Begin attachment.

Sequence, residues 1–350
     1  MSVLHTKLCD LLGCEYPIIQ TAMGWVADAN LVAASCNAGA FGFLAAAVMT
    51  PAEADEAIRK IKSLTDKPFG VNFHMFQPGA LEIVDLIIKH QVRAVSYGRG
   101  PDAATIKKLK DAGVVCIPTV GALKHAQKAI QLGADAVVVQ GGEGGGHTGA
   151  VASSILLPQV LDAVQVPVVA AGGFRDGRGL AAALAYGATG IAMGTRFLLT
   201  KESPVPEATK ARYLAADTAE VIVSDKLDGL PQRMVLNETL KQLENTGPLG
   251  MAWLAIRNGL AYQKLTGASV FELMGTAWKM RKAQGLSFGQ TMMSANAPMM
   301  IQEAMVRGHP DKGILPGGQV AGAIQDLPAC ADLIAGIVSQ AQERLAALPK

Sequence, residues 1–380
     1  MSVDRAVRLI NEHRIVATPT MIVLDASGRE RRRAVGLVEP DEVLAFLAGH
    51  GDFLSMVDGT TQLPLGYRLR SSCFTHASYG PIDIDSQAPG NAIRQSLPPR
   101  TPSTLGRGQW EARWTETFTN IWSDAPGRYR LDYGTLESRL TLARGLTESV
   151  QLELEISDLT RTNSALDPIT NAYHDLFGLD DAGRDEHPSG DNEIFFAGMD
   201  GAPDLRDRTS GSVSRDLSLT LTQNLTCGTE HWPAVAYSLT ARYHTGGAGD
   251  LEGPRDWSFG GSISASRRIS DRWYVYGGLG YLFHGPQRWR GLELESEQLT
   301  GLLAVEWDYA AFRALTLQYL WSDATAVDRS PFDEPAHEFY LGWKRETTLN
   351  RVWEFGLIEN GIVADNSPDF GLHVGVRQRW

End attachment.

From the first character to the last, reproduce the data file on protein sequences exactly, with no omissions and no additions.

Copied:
Sequence, residues 1–350
     1  MSVLHTKLCD LLGCEYPIIQ TAMGWVADAN LVAASCNAGA FGFLAAAVMT
    51  PAEADEAIRK IKSLTDKPFG VNFHMFQPGA LEIVDLIIKH QVRAVSYGRG
   101  PDAATIKKLK DAGVVCIPTV GALKHAQKAI QLGADAVVVQ GGEGGGHTGA
   151  VASSILLPQV LDAVQVPVVA AGGFRDGRGL AAALAYGATG IAMGTRFLLT
   201  KESPVPEATK ARYLAADTAE VIVSDKLDGL PQRMVLNETL KQLENTGPLG
   251  MAWLAIRNGL AYQKLTGASV FELMGTAWKM RKAQGLSFGQ TMMSANAPMM
   301  IQEAMVRGHP DKGILPGGQV AGAIQDLPAC ADLIAGIVSQ AQERLAALPK

Sequence, residues 1–380
     1  MSVDRAVRLI NEHRIVATPT MIVLDASGRE RRRAVGLVEP DEVLAFLAGH
    51  GDFLSMVDGT TQLPLGYRLR SSCFTHASYG PIDIDSQAPG NAIRQSLPPR
   101  TPSTLGRGQW EARWTETFTN IWSDAPGRYR LDYGTLESRL TLARGLTESV
   151  QLELEISDLT RTNSALDPIT NAYHDLFGLD DAGRDEHPSG DNEIFFAGMD
   201  GAPDLRDRTS GSVSRDLSLT LTQNLTCGTE HWPAVAYSLT ARYHTGGAGD
   251  LEGPRDWSFG GSISASRRIS DRWYVYGGLG YLFHGPQRWR GLELESEQLT
   301  GLLAVEWDYA AFRALTLQYL WSDATAVDRS PFDEPAHEFY LGWKRETTLN
   351  RVWEFGLIEN GIVADNSPDF GLHVGVRQRW